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I am trying to subtract List_1 (50k lines) from List_2 (100k lines) , when an item in List_1 is an exact match for an item in List_2. I am using grep, specifically:

grep -v -f List_1.csv List_2.csv > Magic_List.csv

I know this is not the most efficient way to do this, but what is? sed? awk? comm? SQL? How might I accomplish this in the most efficient way possible?

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In your csv, are you removing any item on any row? or is compared row by row? –  aus Sep 30 '11 at 18:55

3 Answers 3

up vote 3 down vote accepted

This is one of the most efficient ways IMHO, you need to add -F though:

grep -Fvf List_1.csv List_2.csv > Magic_List.csv
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Why would this save time? (I'm not arguing with you, I'm curious. :) ) –  ralphthemagician Sep 30 '11 at 18:58
    
Because it doesn't search for regular expressions, but only for fixed strings, it's called also fast grep ... –  Dimitre Radoulov Sep 30 '11 at 19:00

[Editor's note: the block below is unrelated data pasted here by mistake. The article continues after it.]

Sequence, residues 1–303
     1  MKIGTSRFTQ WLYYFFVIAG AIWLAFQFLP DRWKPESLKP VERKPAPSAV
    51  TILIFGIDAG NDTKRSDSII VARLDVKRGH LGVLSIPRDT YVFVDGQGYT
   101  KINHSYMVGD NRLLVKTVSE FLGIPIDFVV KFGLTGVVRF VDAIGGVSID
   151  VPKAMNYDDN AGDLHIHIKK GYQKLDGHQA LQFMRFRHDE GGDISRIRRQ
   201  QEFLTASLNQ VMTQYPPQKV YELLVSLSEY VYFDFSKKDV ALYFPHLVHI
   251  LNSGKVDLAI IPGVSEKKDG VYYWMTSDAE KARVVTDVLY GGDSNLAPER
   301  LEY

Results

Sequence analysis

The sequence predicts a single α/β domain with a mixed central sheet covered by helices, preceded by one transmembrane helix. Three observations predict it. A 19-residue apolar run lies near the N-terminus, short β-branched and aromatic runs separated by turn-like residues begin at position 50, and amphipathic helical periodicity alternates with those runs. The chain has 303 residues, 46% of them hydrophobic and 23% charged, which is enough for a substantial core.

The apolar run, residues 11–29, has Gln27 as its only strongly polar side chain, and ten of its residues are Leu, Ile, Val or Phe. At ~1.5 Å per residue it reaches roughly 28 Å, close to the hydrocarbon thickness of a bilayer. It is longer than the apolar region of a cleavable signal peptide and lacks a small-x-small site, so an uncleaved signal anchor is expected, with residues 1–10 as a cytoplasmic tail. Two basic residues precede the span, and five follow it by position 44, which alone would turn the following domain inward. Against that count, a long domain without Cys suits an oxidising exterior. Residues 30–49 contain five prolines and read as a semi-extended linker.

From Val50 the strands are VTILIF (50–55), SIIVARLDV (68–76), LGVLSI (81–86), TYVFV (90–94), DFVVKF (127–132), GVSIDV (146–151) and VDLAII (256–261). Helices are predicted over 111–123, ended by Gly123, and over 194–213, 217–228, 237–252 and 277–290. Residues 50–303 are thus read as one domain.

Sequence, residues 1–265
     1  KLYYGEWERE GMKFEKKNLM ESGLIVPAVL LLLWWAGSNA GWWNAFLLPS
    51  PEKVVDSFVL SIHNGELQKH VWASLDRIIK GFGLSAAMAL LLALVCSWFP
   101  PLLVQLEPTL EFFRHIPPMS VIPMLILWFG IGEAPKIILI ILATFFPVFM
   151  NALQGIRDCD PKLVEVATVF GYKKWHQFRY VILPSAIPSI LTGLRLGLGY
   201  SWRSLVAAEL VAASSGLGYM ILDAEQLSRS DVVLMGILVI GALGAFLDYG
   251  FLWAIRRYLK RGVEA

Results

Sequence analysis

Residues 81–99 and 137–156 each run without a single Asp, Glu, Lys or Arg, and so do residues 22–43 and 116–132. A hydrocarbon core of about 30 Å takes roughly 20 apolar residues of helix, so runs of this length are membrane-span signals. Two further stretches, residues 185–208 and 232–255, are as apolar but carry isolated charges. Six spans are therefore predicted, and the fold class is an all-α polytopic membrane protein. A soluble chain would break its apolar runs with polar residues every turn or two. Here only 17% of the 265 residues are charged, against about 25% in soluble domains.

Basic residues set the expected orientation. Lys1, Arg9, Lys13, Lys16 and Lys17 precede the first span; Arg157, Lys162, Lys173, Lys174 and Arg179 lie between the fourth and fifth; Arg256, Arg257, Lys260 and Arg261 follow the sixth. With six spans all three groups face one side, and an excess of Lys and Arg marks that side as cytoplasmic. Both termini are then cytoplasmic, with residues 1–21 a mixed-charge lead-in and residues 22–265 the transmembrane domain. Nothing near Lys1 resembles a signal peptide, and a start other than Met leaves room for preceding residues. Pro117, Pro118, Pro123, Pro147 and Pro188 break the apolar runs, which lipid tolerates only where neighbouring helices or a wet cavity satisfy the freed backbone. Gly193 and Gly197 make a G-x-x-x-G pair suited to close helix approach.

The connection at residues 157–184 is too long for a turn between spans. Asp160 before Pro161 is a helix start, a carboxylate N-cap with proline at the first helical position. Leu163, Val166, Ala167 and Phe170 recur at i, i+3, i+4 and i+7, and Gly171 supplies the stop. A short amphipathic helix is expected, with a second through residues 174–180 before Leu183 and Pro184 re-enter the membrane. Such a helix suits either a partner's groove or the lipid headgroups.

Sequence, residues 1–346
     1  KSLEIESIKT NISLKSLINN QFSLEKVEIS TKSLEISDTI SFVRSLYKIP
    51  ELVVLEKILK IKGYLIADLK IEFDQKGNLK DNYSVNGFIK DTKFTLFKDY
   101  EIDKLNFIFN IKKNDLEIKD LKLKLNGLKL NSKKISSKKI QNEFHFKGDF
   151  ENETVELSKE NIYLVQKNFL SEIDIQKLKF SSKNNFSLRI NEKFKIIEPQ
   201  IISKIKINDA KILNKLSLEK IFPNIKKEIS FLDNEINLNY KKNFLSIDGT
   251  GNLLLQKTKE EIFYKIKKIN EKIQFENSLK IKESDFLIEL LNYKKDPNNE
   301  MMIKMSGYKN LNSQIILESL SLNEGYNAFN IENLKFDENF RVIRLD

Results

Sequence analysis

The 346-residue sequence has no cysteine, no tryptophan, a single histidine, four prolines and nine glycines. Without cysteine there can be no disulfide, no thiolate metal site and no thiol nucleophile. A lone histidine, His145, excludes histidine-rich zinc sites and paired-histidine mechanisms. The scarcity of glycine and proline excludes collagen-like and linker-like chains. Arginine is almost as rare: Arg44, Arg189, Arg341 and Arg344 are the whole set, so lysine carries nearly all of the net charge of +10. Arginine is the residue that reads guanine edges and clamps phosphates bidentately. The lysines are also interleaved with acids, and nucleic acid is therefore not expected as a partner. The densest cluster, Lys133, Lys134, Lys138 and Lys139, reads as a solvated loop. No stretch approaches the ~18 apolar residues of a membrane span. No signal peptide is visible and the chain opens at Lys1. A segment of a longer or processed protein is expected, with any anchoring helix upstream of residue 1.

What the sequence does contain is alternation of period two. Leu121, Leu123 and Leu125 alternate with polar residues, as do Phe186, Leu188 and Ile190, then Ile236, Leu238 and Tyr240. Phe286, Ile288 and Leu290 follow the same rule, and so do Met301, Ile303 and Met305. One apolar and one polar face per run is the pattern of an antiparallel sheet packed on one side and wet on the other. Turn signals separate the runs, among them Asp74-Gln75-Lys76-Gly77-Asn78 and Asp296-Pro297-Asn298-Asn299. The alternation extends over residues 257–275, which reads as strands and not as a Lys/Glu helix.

I'm going to give this a try. What kind of speed increase can I expect? Any idea? –  ralphthemagician Sep 30 '11 at 19:00
    
Too much :) % print -l {1..5000} > file[12] print -l {5000..10000} >> file2 % time grep -Fvf file1 file2 >&- grep -Fvf file1 file2 >&- 0.02s user 0.01s system 77% cpu 0.041 total % time grep -vf file1 file2 >&- grep -vf file1 file2 >&- 0.35s user 0.06s system 97% cpu 0.421 total –  Dimitre Radoulov Sep 30 '11 at 19:05
    
Holy shit! Thanks a TON. –  ralphthemagician Sep 30 '11 at 19:05

Most efficient way is to use a trie data structure or a hash function for the 2nd list and for each item in the first list search in your trie.

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I'm not 100% with you here. How might I do that? –  ralphthemagician Sep 30 '11 at 18:59
    
A trie is a powerful data structure. In general it is possible to build all the math on just some rules and a hierarchical data structure and also substraction. –  Phpdna Sep 30 '11 at 19:03

You'd have to benchmark it to find the most efficient method. This is, however, what comm is for, so I'd guess it would be a pretty tool.

comm -13 List_1.csv List_2.csv > Magic_List.csv
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It should be noted though, that comm operates on sorted input: comm - compare two sorted files line by line. –  Dimitre Radoulov Sep 30 '11 at 19:54
    
Ah, true, good point, and one I often forget. –  glenn jackman Sep 30 '11 at 20:43

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